A high powered delegation from the British Broadcasting Cooperation (BBC) has held a one-day productive partnership meeting with the Njala University (NU) Administration, at the University’s main campus, at Njala. The rationale for the meeting was to formalize the partnership agreement between the NU radio station and the BBC.
The leader of the delegation, Steve Martin, who is also the Business Development Manager for the BBC Southern and West Africa, said the BBC has a long standing partnership history with renowned universities across the world, and now the NU. He implored the NU Administration to make judicious use of the partnership.
In his introductory remarks, the Director of Information and Communication Technology (ICT) of Njala University, Thomas Songu, stated that Njala University Radio FM.92.5 is a teaching, learning and research radio station with the vision to educate and inform staff, students and the rural communities in Sierra Leone. The ICT Director reiterated that the radio station will promote rural community outreach programs, including but not limited to, health and sanitation; agriculture and food safety; technological innovations, gender and other social issues. The ICT Director reassured the audience that he would ensure that the editorial principles of the BBC are adhered to. The chairman of the ceremony, Dr Edwin J. Momoh described the partnership as a “right step in the right direction”, adding that the NU is very passionate and committed to strategic partnerships, especially with renowned institutions and organizations like the BBC, FAO, and UNDP, among others.
In his welcome statement, the Vice Chancellor and Principal of the NU, Professor Abu Sesay expressed delight for the partnership and pledged his administration’s tireless support to ensuring that the partnership with the BBC thrives. The Vice Chancellor and Principal stated that the day marked an epoch making event in the history of the NU. The Vice Chancellor and Principal Njala informed the gathering that the partnership with the BBC has added another international accolade to the already existing ones made under his tenure of office.
The Chairman of the Independent Media Commission, Rod Mac Johnson stated that the regulatory media body is grateful for the practical strides made by the NU Administration, especially with the advent of the NU Radio, and advised that the Radio be used for research and learning purposes.
Making a statement on the Media LANDSCAPE IN SIERRA LEONE, the Head of Governance, UNDP Edward Kamara, stated the Country’s past is marked by “political violence, an overly centralized government, and a decade civil war which devastated the country.” The war he went on, undermined an already fragile political, educational, economic and media infrastructure. The UNDP representative maintained that Sierra Leone has a proud tradition of indigenous independent media, being the first nation in Anglophone West Africa to publish newspapers. He reiterated that by the time the country gained her independence in 1961, radio had already replaced print media as the primary communication medium, adding that in the post-colonial era, the climate was initially supportive of freepress, although later governments sought to control the media by means of legislation, threat and coercion, a condition that deteriorated the media climate, thus leaving it in the hands of untrained media practitioners whilst the trained ones fled. He expressed delight citing that the staff at Njala University radio will deliver positively because they are qualified and experienced.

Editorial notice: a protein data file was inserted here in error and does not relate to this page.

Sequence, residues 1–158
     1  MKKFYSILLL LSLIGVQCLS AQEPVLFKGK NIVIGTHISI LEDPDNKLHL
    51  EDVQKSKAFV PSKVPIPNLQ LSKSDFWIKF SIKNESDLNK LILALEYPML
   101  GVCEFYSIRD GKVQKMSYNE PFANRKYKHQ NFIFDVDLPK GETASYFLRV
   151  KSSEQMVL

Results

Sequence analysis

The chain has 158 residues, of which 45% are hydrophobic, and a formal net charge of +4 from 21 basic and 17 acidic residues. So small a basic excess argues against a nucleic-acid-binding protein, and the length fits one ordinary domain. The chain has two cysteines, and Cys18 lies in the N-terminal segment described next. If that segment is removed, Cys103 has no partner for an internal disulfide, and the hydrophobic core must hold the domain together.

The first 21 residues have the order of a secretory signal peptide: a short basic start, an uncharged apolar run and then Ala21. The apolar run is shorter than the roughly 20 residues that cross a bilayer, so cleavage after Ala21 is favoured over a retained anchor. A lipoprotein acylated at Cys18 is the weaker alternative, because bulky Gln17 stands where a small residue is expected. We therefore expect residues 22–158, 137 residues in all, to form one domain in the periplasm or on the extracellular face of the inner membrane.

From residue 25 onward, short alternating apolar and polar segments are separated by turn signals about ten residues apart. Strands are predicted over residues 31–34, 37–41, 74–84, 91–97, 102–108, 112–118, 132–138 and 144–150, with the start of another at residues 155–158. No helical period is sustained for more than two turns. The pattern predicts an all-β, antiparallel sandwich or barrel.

David Mwesigwa of the United Nations Food and Agricultural Organization mentioned that as part of ways to help the NU, the FAO donated a vehicle and a motor bike to ease the enormous constraints faced by the University. He assured all of his organization’s continued support to the NU Radio, and admonished all that the donated items be used sensibly.
In his closing courtesies, the Public Relations Officer of the NU, Dr Victor Massaquoi, stressed the importance of the radio, citing that the NU Radio would be used as a prolific nexus between the University and the Community.
Some of the highlights of the meeting were: the official launch of the BBC satellite link, a two-minutes interview by the BBC Focus on Africa Senior Producer, Paul Bakibinga on the NU Radio, FM 92.5.